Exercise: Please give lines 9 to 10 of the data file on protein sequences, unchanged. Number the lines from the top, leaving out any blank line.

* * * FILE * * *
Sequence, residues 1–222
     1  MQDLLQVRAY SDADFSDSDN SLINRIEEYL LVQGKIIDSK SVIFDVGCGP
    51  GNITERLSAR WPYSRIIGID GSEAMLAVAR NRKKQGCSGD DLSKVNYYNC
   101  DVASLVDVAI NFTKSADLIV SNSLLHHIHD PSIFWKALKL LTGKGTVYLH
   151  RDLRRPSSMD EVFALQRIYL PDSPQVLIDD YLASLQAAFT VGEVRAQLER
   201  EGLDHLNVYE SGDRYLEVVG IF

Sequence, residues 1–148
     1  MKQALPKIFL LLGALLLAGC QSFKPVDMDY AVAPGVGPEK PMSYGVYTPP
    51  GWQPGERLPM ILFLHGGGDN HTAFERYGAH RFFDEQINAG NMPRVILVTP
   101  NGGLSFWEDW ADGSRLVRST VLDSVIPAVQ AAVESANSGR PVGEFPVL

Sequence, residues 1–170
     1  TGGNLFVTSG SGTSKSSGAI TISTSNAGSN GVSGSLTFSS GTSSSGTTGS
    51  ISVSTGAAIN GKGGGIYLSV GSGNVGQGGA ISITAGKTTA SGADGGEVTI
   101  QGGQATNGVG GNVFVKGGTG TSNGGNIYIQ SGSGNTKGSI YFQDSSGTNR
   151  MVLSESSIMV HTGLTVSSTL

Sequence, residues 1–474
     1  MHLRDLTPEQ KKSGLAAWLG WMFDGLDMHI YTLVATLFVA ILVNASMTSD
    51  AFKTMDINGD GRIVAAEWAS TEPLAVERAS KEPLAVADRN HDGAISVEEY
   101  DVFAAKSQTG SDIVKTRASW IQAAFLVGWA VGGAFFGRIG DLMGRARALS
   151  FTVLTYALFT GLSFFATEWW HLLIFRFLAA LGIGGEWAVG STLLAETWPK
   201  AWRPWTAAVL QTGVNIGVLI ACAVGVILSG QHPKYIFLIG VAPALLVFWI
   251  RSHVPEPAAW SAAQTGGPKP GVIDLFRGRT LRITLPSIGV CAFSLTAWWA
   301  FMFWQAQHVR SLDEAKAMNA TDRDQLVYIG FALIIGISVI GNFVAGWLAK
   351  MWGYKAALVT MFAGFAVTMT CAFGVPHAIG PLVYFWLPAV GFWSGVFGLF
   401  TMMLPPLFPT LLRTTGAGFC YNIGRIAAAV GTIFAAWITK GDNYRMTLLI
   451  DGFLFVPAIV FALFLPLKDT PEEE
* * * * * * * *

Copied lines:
    51  GWQPGERLPM ILFLHGGGDN HTAFERYGAH RFFDEQINAG NMPRVILVTP
   101  NGGLSFWEDW ADGSRLVRST VLDSVIPAVQ AAVESANSGR PVGEFPVL